• Sweden's news in English
 
app_header_v3

Max Martin: Sweden's biggest pop export since Abba

The Local · 4 Jun 2014, 14:09

Published: 04 Jun 2014 14:09 GMT+02:00

The big pop hit of summer is here - Ariana Grande’s Problem is consuming the music charts across the world like some out of control pop Pacman. Grande’s collaboration with Iggy Azalea moved 438,000 copies in its first week in the US alone, making it the biggest chart debut of the year and the best first week for a song on the US charts since Katy Perry’s Roar shifted 557,000 last August. The connection between Grande’s Problem and Perry’s Roar? They were both co-written and produced by Swede Max Martin, Sweden’s most successful pop export since Abba. 
 
Ariana Grande feat Iggy Azalea - Problem
 
 
 
Martin is a true pop colossus - he’s had 17 Billboard number-one hits, more than Michael Jackson, Rihanna and Madonna. He’s just one behind Elvis Presley and three behind The Beatles who hold the record of 20. The 43-year-old Swede is the most successful producer-songwriter of the past 20 years, having sold an astonishing 135 million singles. An incredible thirty-eight of his songs have moved more than a million units, and he’s worked with everyone from Britney Spears and Bon Jovi to Taylor Swift and Maroon 5. 
 
The man now known as Max Martin was born Martin Karl Sandberg in 1971 and grew up in a Stockholm suburb. Infatuated with his older brother's KISS cassettes, Martin eventually became the lead singer of the Swedish hair metal band It's Alive. They were dreadful, as evidenced by the Bon Jovi-lite of Sing The Blues. But Martin was already writing pop songs, songs that his bandmates had no interest in. He soon linked up with Dr Alban and Ace Of Base producer Denniz Pop and their first production collaboration was Wish You Were Here by Rednex.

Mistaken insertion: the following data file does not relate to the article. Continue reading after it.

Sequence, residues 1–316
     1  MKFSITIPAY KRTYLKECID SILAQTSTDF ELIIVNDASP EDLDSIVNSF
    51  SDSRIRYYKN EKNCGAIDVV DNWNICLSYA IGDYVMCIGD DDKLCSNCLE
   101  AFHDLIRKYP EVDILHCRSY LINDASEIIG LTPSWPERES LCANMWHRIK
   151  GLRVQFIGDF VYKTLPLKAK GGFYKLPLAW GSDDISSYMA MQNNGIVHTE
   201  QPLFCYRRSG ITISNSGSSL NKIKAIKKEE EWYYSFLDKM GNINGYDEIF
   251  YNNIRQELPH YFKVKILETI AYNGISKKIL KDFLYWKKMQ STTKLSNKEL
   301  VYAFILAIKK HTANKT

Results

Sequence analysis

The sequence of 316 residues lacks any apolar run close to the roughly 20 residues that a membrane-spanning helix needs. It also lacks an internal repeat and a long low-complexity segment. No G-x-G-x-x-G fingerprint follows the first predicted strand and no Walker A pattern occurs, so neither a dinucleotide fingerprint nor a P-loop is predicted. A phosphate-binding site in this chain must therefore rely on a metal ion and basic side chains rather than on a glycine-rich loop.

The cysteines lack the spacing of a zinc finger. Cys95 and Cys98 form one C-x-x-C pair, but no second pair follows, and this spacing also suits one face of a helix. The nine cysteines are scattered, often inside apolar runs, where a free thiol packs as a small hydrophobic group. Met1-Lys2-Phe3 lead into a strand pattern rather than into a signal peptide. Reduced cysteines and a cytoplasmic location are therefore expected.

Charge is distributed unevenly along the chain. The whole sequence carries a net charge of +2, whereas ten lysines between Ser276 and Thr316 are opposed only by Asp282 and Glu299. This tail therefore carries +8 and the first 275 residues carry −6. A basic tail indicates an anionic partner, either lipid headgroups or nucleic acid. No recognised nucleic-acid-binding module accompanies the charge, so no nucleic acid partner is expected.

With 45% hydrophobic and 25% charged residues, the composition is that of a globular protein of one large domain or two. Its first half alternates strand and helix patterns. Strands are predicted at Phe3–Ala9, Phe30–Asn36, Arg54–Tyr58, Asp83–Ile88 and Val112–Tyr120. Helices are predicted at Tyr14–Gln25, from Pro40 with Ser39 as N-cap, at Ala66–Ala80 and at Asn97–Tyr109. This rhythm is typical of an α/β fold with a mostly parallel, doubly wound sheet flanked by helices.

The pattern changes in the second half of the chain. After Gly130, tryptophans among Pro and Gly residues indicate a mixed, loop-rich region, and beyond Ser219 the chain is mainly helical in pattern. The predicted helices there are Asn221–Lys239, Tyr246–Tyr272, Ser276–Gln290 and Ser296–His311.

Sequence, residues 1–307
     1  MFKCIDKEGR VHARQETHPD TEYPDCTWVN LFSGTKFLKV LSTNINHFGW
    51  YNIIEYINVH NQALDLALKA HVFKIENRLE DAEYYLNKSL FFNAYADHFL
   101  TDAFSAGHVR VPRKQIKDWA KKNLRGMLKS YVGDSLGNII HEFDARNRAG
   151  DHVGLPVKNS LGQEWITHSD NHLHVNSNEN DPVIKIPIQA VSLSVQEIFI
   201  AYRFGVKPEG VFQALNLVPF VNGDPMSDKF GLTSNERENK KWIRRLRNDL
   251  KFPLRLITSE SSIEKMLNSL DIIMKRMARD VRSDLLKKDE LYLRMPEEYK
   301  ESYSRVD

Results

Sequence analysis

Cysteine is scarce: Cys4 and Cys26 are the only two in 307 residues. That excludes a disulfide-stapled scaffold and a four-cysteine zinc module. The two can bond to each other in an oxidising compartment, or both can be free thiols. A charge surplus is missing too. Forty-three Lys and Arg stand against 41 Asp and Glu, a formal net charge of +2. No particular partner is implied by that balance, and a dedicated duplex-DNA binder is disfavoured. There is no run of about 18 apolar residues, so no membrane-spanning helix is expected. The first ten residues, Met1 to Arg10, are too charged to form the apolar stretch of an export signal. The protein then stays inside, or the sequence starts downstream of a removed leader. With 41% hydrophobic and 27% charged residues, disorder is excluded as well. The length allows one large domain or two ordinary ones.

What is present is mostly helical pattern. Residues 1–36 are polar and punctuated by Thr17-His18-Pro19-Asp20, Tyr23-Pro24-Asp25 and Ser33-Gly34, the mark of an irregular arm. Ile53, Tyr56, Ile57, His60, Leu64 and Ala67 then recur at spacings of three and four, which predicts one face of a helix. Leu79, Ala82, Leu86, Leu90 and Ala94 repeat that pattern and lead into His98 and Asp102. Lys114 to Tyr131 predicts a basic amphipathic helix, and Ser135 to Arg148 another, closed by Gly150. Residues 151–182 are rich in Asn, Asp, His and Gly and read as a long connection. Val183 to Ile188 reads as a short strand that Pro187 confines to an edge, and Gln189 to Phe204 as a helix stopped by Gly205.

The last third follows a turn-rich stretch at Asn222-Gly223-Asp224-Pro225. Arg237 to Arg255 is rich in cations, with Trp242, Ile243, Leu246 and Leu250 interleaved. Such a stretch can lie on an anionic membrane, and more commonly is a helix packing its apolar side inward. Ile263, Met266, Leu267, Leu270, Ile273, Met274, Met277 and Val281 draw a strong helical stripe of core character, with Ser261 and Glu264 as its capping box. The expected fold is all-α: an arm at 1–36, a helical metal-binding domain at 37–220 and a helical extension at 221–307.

It’s Alive - Sing This Blues
 
"I didn't even know what a producer did," Martin once told Time magazine. "I spent two years, day and night, in that studio trying to learn what the hell was going on." But learn he did and Martin's first big project was co-producing Ace of Base's second album, 1995’s The Bridge, which went on to sell seven million units worldwide.
 
But 1997 was Martin’s real breakthrough year - it was when he started working with Britney Spears. "She told me she thought I was an old man,” Martin said. "I was scared of him!" said Spears, who was then 15. "I thought he was someone from, like, Motley Crue or something." Martin still had his hair long and wore leather - sad remnants of his days as a wannabe rock star with It’s Alive.
 
But they clicked and in 1998 Martin and Spears cooked up … Baby One More Time, which made Spears an instant superstar and Martin the most sought after writer-producer in the music business. 
 
Britney Spears - … Baby One More Time
 
 
There followed Martin’s first purple patch where everything he did sold. When he wasn't working with Spears, he was busy writing or co-writing the majority of the Backstreet Boys' songs, as well as tunes from 'N Sync, Celine Dion and, returning to his rock roots, Bon Jovi (It's My Life). It was a remarkable stretch that earned Martin ASCAP's Songwriter of the Year in 1999.
 
Martin’s recipe for success is anything but simple. For Martin it’s important to understand what his artists want to sing. That doesn't happen by chance. Before he starts writing for, or with, anyone, he talks to them, sees them live and finds out what's in their CD player or on their MP3 player. "I want the input because that makes the chemistry of the song," he has said. Meanwhile, he records ideas on a dictaphone he carries with him. His quality-control regime means that only one idea in 300 gets to demo-recording stage. "You have to be a mass murderer and kill your darlings.”